Vladlen Tatarsky was reportedly killed after receiving a gift rigged with an explosive device, at an event organized by Cyber Front Z, which refers to itself on social media as “Russia’s information troops.”

Around two dozen other people were injured.

Earlier in the weekend, Russia on Saturday took over the rotating presidency of the UN Security Council despite outrage from Kyiv and Western nations that have imposed sanctions on Moscow.


Protests across Germany on Ukraine war anniversary

Updated 31 sec ago
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Protests across Germany on Ukraine war anniversary

BERLIN: Thousands of protesters rallied across Germany Saturday in support of Ukraine on the second anniversary of Moscow’s full-scale invasion, even as doubts grow about Kyiv’s chances of victory.
Rallies took place in Berlin, Cologne, Frankfurt and other cities.
In the capital, thousands gathered in front of the Brandenburg Gate waving banners that read “stand up for Ukraine” and “arm Ukraine now.”
Addressing the crowd, Berlin mayor Kai Wegner decried Russian President Vladimir Putin’s “brutal war of aggression.”
“He wants to wipe out Ukraine, he wants to wipe out the identities of Ukrainians,” he said.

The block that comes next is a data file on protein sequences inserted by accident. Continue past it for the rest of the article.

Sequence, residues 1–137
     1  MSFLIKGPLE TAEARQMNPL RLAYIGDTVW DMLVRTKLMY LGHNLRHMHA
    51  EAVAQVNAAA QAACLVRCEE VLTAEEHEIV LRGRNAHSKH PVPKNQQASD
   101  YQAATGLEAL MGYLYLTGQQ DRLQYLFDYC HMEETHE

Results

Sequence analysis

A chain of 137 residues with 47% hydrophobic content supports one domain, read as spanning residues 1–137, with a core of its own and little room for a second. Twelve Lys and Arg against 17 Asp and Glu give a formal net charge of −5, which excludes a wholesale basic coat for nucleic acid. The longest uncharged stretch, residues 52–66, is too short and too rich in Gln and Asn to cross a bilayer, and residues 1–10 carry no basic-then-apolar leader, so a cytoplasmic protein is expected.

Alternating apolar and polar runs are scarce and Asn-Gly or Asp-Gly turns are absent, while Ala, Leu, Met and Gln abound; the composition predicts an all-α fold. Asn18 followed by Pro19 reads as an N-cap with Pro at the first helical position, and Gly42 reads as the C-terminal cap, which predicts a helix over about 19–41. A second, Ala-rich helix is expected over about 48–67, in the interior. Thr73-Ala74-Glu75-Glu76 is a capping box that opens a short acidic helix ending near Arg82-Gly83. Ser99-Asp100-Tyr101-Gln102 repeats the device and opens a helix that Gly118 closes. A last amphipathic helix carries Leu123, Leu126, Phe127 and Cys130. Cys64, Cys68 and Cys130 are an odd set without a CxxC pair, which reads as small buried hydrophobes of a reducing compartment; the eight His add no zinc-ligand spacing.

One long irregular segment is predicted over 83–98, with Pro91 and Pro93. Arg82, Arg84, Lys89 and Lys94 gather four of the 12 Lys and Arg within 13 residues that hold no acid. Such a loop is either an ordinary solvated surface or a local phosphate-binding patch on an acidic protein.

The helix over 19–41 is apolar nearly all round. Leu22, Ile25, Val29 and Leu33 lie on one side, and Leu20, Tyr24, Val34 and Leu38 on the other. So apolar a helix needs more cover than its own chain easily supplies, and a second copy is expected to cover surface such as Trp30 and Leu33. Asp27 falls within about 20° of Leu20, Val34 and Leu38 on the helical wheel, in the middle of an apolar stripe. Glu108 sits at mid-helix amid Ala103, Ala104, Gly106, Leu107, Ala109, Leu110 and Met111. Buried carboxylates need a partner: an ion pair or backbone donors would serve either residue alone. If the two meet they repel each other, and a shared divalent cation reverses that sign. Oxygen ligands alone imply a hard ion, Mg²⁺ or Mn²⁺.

“But we won’t let happen. We will stand by Ukraine’s side.”
He called on Berlin to deliver long-range Taurus missiles long sought by Kyiv, a demand that the German government has so far refused for fears they could also strike inside Russia.
Organizers said about 10,000 people took part in the rally. Police put the figure at around 5,000.
In a square in the historic heart of Frankfurt, about 1,000 people took part in a rally, according to police, where they heard calls from speakers to accelerate the delivery of weapons to Kyiv.
Ukraine’s armed forces have in recent times acknowledged facing frontline problems, pointing to a lack of Western aid, while Russian forces have been making gains.
“The West must do more to support Ukraine,” Achem Lobreuer, a 58-year-old engineer, told AFP at the rally.
This included delivering more armaments, but also “supporting negotiations,” he said.
“My message to Putin is that he must end this war.”
Maksym Godovnikov, a 38-year-old Ukrainian at the Frankfurt rally, also urged Ukraine’s allies to step up military support.
“If we have more weapons, we can protect ourselves and also win back land that was previously conquered,” he said.
Rallies were also taking place in other European capitals to mark the day Russia sent its troops into Ukraine, bringing war back to Europe for the first time in decades.
The anniversary comes as concerns grow in Europe about Ukraine’s faltering efforts to fend off Moscow.